Resisting God’s Call in a Life of Crime

My name is Carleous Clay, and I am an inmate at the Danville, Illinois, Correctional Center. I am also a student at Divine Hope Reformed Bible Seminary, which is located within the walls of the prison. This is my life story of resisting God’s call and living a life of crime, until He would not let me resist Him any longer.

I was born in Muskegon, Michigan, and was raised by my mother. My father was absent from my life until four years ago. I have five brothers and one sister. My mother is a Christian. She is Baptist but worships with a Reformed Church of America congregation in Michigan. She was raised by my grandmother, who was raised in the church. My grandmother is a God-fearing woman who instilled Christianity into my mother, who then introduced it to me. My mother was not as committed to the church as her mother. My grandmother has always been a faithful, active, church-going Christian while my mother went to church when she wanted to.

When I was six months old, my mother left Michigan and took my brothers and me to live in Los Angeles, California. We went from living in a four-bedroom house to a two-bedroom apartment, where I had to share a bedroom with four brothers. The apartment building where we lived was infested with rats and roaches. When I was about six, I was attacked and bitten by an army of roaches while I was asleep. Being raised in California was a big challenge for me. We spent the first five years in the projects. Life was not great for us, but we made the best of it. We did not go to church regularly. My older brothers were living like the people in the times of the judges: they did what was right in their own eyes.

From the projects we moved to south central L.A., which was a dangerous part of the city. My mother struggled to make ends meet, making a living from welfare and selling drugs. There was no father figure in the house other than my oldest brother. There was no fear of God and no proper upbringing as far as the preaching of God’s Word. As a child I heard of Jesus, but I did not understand who Jesus was. I grew up listening to the famous song “Jesus Loves Me,” which had no real significance for me. I had no understanding of the real significance of Jesus Christ. There was no reading Bible stories together. Sometimes we prayed before eating meals, but even our prayers were prayed without any real knowledge or understanding of God.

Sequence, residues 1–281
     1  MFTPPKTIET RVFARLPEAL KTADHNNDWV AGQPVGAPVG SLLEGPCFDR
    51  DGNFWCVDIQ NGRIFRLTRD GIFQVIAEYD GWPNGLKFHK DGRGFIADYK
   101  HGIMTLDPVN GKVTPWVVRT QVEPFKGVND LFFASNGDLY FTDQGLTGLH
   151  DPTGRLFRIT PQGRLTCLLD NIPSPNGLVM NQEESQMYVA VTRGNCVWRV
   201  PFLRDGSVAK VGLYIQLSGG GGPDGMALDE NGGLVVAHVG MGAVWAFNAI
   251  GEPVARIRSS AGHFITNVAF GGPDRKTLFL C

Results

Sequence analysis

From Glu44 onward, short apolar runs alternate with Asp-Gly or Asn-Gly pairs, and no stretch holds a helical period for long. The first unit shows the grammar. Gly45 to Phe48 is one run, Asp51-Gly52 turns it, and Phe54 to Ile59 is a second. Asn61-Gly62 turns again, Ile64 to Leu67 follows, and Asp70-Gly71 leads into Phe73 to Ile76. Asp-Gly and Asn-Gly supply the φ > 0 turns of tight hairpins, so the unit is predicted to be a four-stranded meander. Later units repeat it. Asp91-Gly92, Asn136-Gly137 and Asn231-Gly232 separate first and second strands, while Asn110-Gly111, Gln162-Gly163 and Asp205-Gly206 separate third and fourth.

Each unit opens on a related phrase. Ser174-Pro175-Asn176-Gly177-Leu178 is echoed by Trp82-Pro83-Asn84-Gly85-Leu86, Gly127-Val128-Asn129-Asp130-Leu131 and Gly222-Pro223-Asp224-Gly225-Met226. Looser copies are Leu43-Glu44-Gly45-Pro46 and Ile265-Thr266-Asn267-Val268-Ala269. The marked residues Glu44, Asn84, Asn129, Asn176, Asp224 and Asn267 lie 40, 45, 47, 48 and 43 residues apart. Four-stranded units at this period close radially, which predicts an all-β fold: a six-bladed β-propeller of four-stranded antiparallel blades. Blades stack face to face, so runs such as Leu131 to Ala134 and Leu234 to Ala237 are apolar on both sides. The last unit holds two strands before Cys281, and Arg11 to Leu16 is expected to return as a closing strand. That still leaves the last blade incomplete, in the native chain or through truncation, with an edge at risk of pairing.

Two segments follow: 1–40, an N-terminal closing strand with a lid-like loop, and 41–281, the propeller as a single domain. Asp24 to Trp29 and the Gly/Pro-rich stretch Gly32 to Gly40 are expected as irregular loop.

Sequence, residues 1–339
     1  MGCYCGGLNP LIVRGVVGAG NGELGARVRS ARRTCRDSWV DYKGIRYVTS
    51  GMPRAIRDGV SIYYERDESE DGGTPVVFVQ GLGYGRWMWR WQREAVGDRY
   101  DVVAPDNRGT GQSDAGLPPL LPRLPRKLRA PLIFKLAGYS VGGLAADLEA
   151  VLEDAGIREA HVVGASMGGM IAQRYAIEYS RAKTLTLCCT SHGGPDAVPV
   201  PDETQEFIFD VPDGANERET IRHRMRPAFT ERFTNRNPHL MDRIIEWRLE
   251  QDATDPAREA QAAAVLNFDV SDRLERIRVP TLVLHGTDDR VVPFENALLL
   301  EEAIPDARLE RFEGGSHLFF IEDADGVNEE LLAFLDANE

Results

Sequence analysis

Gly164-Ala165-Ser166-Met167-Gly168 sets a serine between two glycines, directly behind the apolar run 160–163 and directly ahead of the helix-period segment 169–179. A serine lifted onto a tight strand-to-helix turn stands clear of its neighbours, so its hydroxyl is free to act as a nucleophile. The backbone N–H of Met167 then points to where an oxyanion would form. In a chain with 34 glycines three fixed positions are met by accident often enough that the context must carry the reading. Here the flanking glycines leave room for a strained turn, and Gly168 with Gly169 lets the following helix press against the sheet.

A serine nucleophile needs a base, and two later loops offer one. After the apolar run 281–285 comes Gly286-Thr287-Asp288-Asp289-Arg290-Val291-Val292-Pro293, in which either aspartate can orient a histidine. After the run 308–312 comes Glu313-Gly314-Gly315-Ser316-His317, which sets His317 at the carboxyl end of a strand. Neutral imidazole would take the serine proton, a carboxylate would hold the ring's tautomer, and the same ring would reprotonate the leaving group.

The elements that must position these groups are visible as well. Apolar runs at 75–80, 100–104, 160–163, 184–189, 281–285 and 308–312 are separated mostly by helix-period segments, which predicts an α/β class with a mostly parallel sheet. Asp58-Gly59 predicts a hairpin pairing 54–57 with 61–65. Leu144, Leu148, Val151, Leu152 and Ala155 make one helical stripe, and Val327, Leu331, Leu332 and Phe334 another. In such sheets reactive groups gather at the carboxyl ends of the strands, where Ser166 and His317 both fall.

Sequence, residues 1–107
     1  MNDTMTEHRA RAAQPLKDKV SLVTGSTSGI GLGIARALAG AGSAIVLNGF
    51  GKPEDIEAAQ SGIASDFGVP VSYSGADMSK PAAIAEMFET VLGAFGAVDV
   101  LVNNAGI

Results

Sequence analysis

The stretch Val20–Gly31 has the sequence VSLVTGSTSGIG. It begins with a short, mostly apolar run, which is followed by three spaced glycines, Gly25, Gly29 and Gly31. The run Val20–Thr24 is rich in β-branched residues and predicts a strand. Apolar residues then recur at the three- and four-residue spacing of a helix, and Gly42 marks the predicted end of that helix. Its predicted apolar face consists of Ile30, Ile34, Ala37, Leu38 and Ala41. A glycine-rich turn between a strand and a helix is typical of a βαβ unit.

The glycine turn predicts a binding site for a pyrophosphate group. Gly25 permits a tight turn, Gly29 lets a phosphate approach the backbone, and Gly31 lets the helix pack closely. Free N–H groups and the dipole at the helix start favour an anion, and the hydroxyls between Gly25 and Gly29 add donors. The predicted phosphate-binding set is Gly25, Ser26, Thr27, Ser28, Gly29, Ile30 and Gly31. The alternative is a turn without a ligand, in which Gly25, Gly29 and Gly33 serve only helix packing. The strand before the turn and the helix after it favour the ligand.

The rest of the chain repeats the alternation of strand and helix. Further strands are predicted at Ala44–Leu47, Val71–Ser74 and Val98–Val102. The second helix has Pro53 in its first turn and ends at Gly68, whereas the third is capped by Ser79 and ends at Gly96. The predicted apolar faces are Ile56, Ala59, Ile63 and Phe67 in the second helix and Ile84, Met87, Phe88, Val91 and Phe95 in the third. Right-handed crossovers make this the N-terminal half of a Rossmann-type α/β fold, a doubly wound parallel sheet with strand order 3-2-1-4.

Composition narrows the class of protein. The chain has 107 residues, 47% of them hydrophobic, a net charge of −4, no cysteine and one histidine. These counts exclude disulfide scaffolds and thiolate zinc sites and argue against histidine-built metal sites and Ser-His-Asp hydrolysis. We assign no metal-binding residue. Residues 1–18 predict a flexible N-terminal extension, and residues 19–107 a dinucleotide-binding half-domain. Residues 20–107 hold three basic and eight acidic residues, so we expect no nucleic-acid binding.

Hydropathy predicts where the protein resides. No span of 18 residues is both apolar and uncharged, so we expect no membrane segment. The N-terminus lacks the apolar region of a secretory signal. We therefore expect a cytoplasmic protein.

I attended one of the worst schools in Los Angeles. When I was in the third grade, I joined a gang. I had watched my brothers get recruited into one of the most well-known gangs in Los Angeles. I was encouraged by their folly, and I wanted in. Like a snare, I was enticed and led astray into fornicating with the world. A couple of guys jumped on me, and I had to defend myself. This was their way of initiating me into the gang.

From this point on, I went through a rough time. Emotionally I was a wreck. Because I did not have the fear of God in my heart, I did not see that fornicating with the world put enmity between me and God. I was excited with the foolishness that came with gang-banging. My love for the hood increased day by day. The book of Malachi describes my life perfectly. I played the whoremonger with crime and drugs, committing spiritual adultery against my Creator. “I abandoned Him for the lowest things of His creation,” as Augustine says of himself.

Gang membership meant rules and regulations. I was signed up to die. Most people would not risk their lives for the one true God. I was willing to die for my gang. I agreed to the rules of the gang, that I would do anything necessary that would benefit the gang. Like the church is one body that makes up the kingdom of God, gang members are one body that makes up the gang.

I got involved in basketball and football to escape the street life. I was good enough to make the football team and won several trophies for my participation. Then things changed: “The fate of the fool will overtake me also. What then do I gain by being wise?” (Eccles. 2:15). Unfortunately, I could not escape the street life. I was like the Israelites who were in bondage to Egypt. Although they were delivered from out of Egypt, Egypt was still in them. The gang was with me wherever I went. I could not escape representing an idol and a false god. Thinking that I was wise, I became a fool through worshiping the creation over the Creator. I exchanged the glory of God for gang-banging.